What is OPEX and what does an OPEX Accountant do?
OPEX is the operational expenditure which is incurred by a company in carrying out its day-to-day activities, but not directly associated with production. Operating expenses include payroll, sales commissions, employee benefits and pension contributions, transport and travel, amortisation and depreciation, rent, repairs, and taxes. OPEX is different to CAPEX which is expenditure involved in purchasing capital assets.
OPEX accountants usually report to a finance manager or administration manager. They will support and challenge the operational teams by providing clear and informative reporting, validation of operational expenditure and detailed forecasting. OPEX accountants also undertake financial analysis and produce management reports to assist internal budget holders monitor actual OPEX spend against approved budget.
Responsibilities will vary, but examples include:
- Processing financial transactions and data for operational expenditure, ensuring appropriateness of all inputs and outputs, and completeness, consistency and accuracy of all data
- Ensuring accounting entries are appropriately classified in accordance with internal policy, accounting standards and nature of expenditure
- Producing regular financial performance and forecast reports and ensuring reporting is relevant and timely
- Producing management reports to monitor actual OPEX spend versus budget
- Investigating financial and tax queries arising from the process and responding to queries from external auditors and internal finance colleagues
- Developing process improvements and providing ad-hoc analysis for the Finance Manager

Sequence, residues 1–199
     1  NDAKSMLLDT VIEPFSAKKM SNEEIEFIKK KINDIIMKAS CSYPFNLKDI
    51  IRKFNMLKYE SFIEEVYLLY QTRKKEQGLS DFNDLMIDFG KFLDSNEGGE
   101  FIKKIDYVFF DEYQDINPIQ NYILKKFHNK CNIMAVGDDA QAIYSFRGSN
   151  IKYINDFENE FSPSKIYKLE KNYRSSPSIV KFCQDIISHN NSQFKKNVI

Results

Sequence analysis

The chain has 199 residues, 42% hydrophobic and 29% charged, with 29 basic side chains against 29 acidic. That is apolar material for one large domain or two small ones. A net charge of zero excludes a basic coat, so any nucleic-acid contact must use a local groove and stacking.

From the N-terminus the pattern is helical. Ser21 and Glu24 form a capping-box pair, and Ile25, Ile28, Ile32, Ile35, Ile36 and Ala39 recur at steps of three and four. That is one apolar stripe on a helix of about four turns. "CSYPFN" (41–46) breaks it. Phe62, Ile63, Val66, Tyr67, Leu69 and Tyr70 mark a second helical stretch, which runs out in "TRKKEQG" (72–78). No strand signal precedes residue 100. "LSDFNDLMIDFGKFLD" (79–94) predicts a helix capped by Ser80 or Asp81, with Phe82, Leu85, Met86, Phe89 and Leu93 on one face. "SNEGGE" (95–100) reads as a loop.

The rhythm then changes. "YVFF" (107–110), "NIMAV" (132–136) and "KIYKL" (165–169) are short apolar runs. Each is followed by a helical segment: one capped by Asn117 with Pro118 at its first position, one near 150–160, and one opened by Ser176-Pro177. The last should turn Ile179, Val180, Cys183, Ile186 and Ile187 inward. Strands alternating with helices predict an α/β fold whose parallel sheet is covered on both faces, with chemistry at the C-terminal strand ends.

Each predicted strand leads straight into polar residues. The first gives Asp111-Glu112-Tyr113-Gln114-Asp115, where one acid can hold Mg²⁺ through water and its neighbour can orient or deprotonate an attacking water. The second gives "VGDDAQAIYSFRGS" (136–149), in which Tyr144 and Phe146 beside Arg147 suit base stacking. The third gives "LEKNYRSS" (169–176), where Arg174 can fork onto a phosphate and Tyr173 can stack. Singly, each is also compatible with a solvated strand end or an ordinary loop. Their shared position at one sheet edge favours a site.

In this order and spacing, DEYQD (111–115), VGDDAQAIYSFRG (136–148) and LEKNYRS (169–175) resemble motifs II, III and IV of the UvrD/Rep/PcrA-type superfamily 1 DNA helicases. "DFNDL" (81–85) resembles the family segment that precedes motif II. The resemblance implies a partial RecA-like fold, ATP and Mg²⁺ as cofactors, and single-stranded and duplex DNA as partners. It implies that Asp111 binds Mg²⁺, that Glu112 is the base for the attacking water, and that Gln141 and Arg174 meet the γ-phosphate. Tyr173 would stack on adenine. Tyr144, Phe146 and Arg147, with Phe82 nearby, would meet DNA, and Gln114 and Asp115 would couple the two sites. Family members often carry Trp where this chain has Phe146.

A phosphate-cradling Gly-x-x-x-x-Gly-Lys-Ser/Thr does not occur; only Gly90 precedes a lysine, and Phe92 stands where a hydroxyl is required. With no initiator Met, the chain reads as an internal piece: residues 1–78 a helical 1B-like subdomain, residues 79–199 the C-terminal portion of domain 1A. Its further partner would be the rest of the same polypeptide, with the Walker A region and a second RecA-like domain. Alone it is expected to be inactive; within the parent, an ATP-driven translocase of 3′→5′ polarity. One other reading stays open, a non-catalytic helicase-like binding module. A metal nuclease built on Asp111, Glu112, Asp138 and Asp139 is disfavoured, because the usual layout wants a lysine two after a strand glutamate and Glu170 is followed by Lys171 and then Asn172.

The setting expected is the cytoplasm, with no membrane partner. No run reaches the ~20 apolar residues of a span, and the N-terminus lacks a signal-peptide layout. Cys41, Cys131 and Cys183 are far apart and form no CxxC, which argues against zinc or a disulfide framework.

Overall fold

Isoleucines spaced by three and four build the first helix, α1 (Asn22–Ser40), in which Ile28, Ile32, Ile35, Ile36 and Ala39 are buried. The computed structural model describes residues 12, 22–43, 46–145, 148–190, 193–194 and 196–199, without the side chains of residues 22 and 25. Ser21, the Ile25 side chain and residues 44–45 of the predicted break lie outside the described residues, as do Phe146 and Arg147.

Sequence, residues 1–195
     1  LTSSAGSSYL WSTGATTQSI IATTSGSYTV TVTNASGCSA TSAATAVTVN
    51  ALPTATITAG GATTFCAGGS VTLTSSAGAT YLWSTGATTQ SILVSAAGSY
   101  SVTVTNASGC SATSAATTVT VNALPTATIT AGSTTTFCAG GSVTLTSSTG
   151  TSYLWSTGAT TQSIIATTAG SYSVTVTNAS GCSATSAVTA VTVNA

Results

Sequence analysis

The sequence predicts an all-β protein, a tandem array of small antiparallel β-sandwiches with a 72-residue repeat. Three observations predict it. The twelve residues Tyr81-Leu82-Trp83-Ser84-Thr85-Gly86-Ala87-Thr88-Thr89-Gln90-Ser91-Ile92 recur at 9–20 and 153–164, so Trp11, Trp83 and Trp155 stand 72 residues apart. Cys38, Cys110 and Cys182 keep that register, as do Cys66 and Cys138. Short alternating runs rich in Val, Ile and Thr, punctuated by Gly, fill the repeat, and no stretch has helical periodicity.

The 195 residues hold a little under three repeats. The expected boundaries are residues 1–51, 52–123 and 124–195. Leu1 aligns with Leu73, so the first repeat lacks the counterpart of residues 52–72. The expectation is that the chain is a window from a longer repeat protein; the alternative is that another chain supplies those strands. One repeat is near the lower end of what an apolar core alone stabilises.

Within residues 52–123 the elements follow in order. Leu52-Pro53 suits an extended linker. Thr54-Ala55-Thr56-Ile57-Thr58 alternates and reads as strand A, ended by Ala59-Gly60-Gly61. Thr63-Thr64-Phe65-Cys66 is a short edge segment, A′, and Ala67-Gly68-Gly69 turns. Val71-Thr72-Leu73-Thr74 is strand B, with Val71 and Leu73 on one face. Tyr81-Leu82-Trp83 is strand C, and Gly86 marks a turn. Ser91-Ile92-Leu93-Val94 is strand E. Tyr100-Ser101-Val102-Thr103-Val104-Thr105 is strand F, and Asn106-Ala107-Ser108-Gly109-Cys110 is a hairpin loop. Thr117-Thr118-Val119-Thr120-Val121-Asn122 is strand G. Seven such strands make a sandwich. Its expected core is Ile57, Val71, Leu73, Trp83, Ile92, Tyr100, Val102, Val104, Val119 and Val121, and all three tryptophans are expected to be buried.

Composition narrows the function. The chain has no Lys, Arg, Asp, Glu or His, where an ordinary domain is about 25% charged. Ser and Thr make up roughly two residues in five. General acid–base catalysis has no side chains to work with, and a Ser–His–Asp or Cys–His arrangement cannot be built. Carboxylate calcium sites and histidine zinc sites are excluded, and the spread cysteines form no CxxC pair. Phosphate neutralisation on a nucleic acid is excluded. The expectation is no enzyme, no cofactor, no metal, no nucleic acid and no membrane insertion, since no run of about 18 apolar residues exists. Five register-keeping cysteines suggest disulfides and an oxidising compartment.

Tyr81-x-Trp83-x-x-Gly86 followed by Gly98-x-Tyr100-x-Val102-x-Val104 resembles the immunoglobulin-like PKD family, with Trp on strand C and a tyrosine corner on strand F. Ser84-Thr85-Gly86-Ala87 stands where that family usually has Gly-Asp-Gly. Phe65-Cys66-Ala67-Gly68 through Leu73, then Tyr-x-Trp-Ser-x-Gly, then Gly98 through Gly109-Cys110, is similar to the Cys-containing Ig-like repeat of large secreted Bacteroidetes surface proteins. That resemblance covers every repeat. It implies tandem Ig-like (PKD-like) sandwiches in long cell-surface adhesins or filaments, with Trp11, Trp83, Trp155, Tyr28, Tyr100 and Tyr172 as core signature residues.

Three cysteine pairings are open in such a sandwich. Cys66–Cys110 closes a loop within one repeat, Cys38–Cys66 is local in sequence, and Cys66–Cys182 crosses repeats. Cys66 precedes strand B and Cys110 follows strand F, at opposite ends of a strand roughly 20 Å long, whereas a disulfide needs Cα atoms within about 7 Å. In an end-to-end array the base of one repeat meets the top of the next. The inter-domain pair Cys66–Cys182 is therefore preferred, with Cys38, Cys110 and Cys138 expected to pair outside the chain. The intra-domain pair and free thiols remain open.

- Partnering with non-finance employees in relation to findings and analysing and investigating variances, summarising data, information and trends
Why are they important?
Successfully reducing operating expenses allows organisations to gain competitive advantage and increase earnings. OPEX Accountants play an important role in cost rationalisation. The insight they provide helps organisations control their costs without compromising the integrity and quality of operations
Skills needed for this role
OPEX accountants require strong reporting and analytical skills with high attention to detail. Excellent communication and negotiation skills are essential, as is the ability to influence people at all levels. They must be pro-active in solving problems and be comfortable challenging current ways of working to improve efficiency and drive improvement.
Strategic Professional Options examinations linked to this role
Career opportunities presented by this role
As a qualified accountant with business experience there are opportunities to progress to more senior finance positions, particularly in commercial organisations, such as finance manager and beyond.
High level competencies required include:
Advisory and consultancy
A. Gathers and understands financial and non-financial information to develop complete knowledge of the client business and the environment in which it operates.